Loreak

by | Nov 9, 2015 | 0 comments

Spain’s Oscar Entry Is A Disappointing Film With An Incredibly Forced Story

 

It’s hard to make a film or simply a story seem original. However, expert writers and storytellers have said that the only way to achieve originality is to keep the story as realistic as possible. Unfortunately, it seems Loreak hasn’t heard these valuable pieces of information.

Loreak is Spain’s entry for the Foreign Film category of 2016’s Academy Awards. It is the first film submitted in Spain’s history to be entirely in Euskera, a common tongue in the northern region of Spain known as the Basque Country. The title means “flowers” in English, and this is a common theme throughout the film. The movie starts out telling the story of a woman named Ane (Nagore Aranburu) who is diagnosed with menopause. She then starts receiving flowers mysteriously from an unknown sender. The film then jumps to another story, that of Beñat (Josea Begoetxea), a construction worker and coworker of Ane’s. We see Beñat lives a quiet life with his wife Lourdes (Itziar Ituño) who doesn’t get a long at all with Beñat’s mother: Tere (Itziar Aizpuru). The stories seem different, but as the film moves along they end up converging a la Love Actually.

What was wrong with this film was that it tried too hard to be original and fresh, so that it seems incredibly forced. There is a nice theme with the flowers, but the rest is almost shoved down your throat. Unfortunately, the film also confused depression with quality. It seemed to think that the more depressive the story, the better the film, but this is simply not true; in fact it ends up making all the human interactions and overall story: odd. Then there was the pacing, which was incredibly slow, and you might think that at least we get some character development, but the differences were minimal. And on the subject of characters, they all were written to seem original as well, but instead ended up being boring and unlikeable.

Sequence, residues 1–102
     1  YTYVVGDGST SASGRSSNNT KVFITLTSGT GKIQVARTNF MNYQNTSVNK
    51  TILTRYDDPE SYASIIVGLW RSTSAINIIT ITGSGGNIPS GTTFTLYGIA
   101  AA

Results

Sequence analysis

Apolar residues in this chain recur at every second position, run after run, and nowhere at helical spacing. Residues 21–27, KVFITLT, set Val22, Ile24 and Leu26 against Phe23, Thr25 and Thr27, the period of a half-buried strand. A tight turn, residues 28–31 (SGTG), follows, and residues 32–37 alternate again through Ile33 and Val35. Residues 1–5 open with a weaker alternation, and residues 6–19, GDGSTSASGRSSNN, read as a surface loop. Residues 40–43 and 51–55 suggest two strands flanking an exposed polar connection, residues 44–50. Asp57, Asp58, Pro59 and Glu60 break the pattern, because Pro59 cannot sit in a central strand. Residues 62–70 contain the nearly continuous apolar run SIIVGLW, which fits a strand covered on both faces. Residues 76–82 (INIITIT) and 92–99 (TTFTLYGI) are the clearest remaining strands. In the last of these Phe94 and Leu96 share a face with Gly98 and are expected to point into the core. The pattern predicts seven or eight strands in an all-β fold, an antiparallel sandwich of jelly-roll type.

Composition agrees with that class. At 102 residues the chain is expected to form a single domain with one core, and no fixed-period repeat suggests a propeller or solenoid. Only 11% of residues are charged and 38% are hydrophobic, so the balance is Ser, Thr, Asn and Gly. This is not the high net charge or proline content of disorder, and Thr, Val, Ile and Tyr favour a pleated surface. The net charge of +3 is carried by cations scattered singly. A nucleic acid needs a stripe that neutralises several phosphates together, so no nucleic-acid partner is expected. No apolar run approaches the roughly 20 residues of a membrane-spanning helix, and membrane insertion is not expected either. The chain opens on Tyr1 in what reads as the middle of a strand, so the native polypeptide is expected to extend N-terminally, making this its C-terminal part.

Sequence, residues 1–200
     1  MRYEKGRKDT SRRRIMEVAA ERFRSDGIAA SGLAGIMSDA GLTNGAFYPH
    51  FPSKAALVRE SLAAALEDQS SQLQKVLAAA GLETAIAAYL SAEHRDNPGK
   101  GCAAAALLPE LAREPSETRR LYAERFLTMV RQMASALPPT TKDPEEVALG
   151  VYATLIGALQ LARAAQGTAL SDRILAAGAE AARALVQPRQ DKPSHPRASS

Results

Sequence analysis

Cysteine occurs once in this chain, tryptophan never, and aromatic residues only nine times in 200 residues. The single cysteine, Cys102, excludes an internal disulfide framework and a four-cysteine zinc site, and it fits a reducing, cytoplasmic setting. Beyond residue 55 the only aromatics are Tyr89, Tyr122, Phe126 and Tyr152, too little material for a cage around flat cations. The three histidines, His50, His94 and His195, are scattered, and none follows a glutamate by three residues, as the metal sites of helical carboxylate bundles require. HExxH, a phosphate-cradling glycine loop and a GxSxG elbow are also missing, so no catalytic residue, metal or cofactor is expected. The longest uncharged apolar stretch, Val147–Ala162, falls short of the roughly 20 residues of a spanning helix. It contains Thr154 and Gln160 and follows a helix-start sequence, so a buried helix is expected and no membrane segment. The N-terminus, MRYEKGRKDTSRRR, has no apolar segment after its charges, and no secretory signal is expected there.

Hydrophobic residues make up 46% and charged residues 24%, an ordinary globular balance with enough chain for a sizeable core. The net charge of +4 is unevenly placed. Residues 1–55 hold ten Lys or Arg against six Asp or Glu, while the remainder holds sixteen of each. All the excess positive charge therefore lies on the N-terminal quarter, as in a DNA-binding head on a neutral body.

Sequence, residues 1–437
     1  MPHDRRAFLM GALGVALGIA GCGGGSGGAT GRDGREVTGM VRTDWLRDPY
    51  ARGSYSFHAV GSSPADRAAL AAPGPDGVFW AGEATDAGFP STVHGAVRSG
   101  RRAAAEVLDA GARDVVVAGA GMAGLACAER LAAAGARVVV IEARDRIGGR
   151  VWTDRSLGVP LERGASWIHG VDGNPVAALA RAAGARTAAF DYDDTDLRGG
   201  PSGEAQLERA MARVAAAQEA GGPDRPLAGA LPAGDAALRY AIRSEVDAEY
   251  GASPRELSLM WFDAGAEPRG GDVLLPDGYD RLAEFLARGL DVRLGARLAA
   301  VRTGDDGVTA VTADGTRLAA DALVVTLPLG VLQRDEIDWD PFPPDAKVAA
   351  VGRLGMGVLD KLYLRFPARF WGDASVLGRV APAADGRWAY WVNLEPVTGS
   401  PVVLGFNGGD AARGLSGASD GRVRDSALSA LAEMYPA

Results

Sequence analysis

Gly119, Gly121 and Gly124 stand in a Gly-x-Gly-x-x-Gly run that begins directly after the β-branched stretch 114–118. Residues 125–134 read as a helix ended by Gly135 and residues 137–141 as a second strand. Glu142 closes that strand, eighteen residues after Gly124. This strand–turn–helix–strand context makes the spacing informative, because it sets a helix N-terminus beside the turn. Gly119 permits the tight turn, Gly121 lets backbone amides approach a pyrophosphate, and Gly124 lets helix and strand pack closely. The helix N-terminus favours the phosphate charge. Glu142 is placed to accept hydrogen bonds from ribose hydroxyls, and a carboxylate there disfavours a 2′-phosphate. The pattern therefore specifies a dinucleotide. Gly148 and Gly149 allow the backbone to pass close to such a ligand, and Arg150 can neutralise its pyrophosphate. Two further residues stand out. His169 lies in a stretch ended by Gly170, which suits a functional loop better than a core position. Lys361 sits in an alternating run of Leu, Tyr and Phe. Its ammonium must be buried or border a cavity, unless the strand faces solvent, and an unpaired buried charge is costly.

In technical terms the film was beautifully shot and the sound of the Basque drizzles were a joy to experience. The cast also held its ground against such a queer script. But in the end these aspects aren’t enough to breathe some air into the film. I was more surprised by the fact that La Isla Minima wasn’t submitted instead (known as Marshland in English). 

  • OVERALL MOVIE RATING 68% 68%

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What is your favorite Spanish movie? Let me know in the comments section.

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